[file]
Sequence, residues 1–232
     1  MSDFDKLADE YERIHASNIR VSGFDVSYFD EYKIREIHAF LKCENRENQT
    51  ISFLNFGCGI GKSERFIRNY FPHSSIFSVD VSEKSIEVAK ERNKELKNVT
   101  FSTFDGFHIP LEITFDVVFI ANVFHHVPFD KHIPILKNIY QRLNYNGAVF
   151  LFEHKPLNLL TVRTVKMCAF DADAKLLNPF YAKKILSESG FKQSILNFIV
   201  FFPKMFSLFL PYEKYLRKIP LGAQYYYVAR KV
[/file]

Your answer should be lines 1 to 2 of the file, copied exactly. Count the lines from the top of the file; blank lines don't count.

Sequence, residues 1–232
     1  MSDFDKLADE YERIHASNIR VSGFDVSYFD EYKIREIHAF LKCENRENQT